And I do not regret changing. I do not regret getting a handle on my eating disorders. I do not regret stopping a lot of dishonest and unhealthy behaviors that were part of my addictive and disordered eating. I do not regret the confidence and peace that I have now, that I never had then.

But I can’t pretend she is not me anymore. I don’t understand the how or the why, I’m not clear on the logistics, but I know in my heart that somehow, loving her is the key to finding love. I don’t have to be her, but I have to stop denying that she is me. And I have to consider the idea that she was loved. Maybe she didn’t love herself. And maybe I didn’t love her. But somebody did. Maybe lots of people. Maybe more people than either of us ever knew.

If you ask me today, right now, what am I afraid of, the answer is “everything”. I’m afraid of being alone. I’m afraid of being in a relationship. I’m afraid of never being loved by a man. I’m afraid of finding out that I am incapable of being loved by a man. I’m afraid of being loved by a man. I’m afraid of being rejected. I’m afraid of having my heart-broken. I’m afraid of existing my whole life without taking a risk. I’m afraid of getting the end of my life and never having lived. But maybe right now, for the first time ever in my whole life, I am not afraid of being mistaken for that girl. And I’m not afraid of acknowledging that it wouldn’t be a mistake.

For my next trick, I am going to *not* juggle…

So it happened. I gained more weight. 3 more lbs. I weigh 160.4 now. Over 160. I’m kind of devastated. It makes me wonder if it’s ever going to stop, let alone reverse. It also makes me feel crazy. Because my clothes are getting looser.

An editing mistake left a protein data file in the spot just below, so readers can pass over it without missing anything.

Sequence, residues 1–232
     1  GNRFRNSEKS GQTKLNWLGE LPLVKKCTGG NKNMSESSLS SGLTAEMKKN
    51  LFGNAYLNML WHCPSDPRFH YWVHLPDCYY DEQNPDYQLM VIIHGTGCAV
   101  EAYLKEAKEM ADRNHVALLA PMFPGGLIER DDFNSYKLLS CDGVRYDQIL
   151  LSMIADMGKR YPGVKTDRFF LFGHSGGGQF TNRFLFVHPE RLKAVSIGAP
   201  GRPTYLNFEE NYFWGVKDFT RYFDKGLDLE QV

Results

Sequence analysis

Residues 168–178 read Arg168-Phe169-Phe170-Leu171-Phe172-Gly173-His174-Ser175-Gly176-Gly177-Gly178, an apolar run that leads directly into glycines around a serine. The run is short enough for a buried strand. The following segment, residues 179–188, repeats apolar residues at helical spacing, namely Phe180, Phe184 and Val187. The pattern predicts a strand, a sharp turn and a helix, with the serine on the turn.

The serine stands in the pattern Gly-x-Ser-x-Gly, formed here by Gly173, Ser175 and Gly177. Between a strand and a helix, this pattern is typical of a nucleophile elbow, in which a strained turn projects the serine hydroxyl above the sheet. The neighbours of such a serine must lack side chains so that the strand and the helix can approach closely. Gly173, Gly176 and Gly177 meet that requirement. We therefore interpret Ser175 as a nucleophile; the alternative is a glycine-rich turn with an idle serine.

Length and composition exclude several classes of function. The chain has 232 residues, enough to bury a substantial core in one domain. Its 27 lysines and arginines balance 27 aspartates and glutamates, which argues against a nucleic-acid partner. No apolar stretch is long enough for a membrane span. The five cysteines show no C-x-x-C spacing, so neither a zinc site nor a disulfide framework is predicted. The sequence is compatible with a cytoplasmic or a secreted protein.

And I wanted to not write about it. I wanted to not mention it this week. I have never been happy to tell you my weight in numbers since I quit smoking and started gaining. But 160. Holy shit! It feels epic. It feels shameful. I imagine you sitting at home thinking Wow (or ewww) (or so pathetic) 160 is really fat. So I wanted to skip talking about how I gained weight this month. Not because I have better things to write about (though I do have better things to write about…) but because I wanted to keep it a secret.

I can’t keep secrets. It’s not that I’m not capable. I am much too good at it for my own good. But secrets eat away at me. And feed my ugly thoughts. And skew my view of the world and reality.

I have made a point to tell you my weight through this whole experience. Not just that I gained weight. But how much. And the number. This may not make any sense to you, but if I kept the number a secret, it would make me question if I was actually keeping my food boundaries.